Yesterday, we talked about degrees of freedom that determine the freedom of observations to vary (i.e., if we have 15 observations, the degrees of freedom are 15 – 1 = 14). The degrees of freedom are quite important in various statistical tests, including the t-test. Let’s discuss what the t-test is and why it is important.
Applications of T-Test
T-test is used to evaluate the mean value of a certain group or the mean values of several groups. There are three main applications of the t-test. First, you can use the t-value to compare the average values between two distinct groups. For instance, you might want to know the difference in average age between men and women to complete their bachelor’s degree. To estimate this difference, you can find the average age of women and men when they complete their bachelor’s degree and set the t-test to check if the difference in the average age is statistically significant.
Second, you can use the t-test to compare the change in the average value for one group over time. For instance, you can conduct the t-test to know if the average age of children entering the first grade in 2018 is statistically different from the average age of children entering the first grade in 2008.
Third, you can use the t-test to compare the average value of your sample group to a hypothesized average. For example, you think that the average waiting time in a bank is more than ten minutes. You will calculate the t-value based on data in your sample and evaluate the strength of your claim using this test.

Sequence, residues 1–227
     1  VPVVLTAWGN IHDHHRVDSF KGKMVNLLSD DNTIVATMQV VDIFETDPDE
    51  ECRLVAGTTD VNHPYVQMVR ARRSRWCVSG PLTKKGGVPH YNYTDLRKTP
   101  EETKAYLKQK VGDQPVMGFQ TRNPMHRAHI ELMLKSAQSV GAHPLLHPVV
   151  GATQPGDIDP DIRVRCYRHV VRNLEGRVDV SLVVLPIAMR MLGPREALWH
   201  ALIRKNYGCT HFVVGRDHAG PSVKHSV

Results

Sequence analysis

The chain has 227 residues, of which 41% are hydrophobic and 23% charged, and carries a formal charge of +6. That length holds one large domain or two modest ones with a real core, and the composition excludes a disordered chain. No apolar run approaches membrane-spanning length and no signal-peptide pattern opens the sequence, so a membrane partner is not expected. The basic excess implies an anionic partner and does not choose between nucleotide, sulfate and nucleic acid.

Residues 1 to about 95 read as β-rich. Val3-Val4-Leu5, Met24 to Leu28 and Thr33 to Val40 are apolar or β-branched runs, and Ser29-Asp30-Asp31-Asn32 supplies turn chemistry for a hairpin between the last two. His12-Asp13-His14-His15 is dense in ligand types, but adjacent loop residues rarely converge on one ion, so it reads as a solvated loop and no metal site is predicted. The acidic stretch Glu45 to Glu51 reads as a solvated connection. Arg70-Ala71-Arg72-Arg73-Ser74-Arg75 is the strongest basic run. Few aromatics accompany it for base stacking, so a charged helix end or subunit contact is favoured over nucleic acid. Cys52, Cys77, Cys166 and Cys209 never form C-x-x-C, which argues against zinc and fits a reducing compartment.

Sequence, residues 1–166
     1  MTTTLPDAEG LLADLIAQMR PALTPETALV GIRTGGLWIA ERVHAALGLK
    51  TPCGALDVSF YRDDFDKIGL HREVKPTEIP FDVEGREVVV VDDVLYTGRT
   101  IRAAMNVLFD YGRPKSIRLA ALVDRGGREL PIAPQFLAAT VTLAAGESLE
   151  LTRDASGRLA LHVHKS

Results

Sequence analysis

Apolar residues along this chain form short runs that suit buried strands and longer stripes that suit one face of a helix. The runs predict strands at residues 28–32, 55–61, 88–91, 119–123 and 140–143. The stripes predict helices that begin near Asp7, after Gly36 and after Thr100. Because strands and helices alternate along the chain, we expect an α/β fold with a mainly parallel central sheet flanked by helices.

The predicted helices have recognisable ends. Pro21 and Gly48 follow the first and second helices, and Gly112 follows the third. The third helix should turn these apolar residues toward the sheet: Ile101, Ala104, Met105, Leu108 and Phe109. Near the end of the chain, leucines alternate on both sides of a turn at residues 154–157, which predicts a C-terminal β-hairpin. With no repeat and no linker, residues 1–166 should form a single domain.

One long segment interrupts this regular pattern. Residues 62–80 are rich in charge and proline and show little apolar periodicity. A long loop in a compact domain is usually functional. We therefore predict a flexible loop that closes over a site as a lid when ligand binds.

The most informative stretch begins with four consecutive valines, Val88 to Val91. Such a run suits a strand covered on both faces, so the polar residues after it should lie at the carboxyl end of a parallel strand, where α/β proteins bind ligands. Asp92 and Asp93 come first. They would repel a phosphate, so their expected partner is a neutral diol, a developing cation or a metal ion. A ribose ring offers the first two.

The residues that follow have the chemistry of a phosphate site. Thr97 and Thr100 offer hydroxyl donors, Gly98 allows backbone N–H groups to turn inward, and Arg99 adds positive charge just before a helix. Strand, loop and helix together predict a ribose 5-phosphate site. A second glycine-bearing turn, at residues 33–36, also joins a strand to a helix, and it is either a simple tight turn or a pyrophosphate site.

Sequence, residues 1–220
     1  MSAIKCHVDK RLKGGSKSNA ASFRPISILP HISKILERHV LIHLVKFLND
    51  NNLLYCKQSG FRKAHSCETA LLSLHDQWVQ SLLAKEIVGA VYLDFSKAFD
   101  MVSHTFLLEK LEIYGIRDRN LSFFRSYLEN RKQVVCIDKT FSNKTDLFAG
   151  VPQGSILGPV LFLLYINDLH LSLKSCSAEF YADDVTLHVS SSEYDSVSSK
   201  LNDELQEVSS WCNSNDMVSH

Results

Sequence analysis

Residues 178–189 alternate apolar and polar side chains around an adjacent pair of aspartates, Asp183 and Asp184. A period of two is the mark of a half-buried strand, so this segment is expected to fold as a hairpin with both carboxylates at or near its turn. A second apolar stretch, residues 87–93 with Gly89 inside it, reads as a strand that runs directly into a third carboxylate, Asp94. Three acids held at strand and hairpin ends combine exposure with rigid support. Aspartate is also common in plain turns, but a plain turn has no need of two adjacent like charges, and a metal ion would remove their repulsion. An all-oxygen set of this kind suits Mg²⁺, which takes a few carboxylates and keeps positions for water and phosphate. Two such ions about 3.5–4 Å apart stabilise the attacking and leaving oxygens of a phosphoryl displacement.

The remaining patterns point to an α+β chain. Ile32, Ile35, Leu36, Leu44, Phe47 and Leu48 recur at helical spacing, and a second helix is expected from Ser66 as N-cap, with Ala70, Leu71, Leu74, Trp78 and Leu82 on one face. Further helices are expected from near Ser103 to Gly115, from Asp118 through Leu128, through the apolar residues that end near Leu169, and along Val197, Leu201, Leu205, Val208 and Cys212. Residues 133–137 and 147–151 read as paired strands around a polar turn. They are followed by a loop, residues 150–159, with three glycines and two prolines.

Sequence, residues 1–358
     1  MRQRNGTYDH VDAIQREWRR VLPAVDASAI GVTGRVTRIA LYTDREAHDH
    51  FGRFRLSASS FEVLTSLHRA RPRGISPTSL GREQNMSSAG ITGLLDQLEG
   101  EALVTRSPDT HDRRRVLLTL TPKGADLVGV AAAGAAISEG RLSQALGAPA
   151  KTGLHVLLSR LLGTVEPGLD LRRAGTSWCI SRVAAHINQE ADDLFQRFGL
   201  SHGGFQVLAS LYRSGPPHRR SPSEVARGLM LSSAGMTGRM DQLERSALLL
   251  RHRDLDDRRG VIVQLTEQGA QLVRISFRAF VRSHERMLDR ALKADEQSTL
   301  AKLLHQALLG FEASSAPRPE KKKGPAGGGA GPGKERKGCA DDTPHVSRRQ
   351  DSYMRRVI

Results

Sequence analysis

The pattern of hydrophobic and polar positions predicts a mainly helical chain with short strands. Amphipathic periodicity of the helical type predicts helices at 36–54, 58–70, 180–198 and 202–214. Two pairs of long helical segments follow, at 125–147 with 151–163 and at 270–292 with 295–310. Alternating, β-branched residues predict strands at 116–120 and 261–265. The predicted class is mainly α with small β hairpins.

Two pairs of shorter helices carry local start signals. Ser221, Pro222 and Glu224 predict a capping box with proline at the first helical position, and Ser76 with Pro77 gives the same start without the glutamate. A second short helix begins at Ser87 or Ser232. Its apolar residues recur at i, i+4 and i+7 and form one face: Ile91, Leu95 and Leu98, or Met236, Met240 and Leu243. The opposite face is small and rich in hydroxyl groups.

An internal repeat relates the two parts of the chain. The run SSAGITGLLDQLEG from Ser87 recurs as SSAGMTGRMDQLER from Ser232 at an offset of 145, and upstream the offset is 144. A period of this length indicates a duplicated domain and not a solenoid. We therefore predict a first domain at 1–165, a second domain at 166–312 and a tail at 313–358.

Calculation of T-Value
To conduct the t-test, you need to be able to calculate the t-value. There are two main components required for such calculation. First, you need to find the difference between your sample mean and your hypothesized mean (or another group’s mean). Let’s assume that you want to check if the waiting time in bank X is more than ten minutes on average. You get the random sample of waiting times in bank X over a period and find that the average waiting time is 20 minutes. The difference between your sample mean and your hypothesized mean is 10.
Second, you need to evaluate your sample’s variation. To do so, you need to find the standard deviation in your sample and divide the standard deviation by the squared root of your sample size. Let’s assume that the standard deviation in your sample is 2 and the size of your sample is 36. The variation within your sample will be: 2 / 36 = 2 / 6 = 1 / 3.
Finally, you need to divide the difference between your sample mean and your hypothesized mean by the variation in your sample: t-value = 10 / (1 / 3) = 30.
To reject null hypothesis, your t-value should be relatively large. In our case, the t-value is 30, meaning that the difference between our sample mean and our hypothesized mean is 30 times the variation within our sample. This is definitely a statistically significant result, and therefore, we can state that the waiting time in bank X is more than ten minutes.
However, if you want to know if your t-value is big enough to reject null hypothesis, you need to calculate the p-value, which is the probability that your sample mean is random, and use degrees of freedom for this calculation. Nowadays, we have powerful statistical software (STATA, R, Minitab, and others) that can be used to calculate the t-values and corresponding p-values.
That’s it for today! Tomorrow, we will discuss the Chi-Square test.
See you soon,
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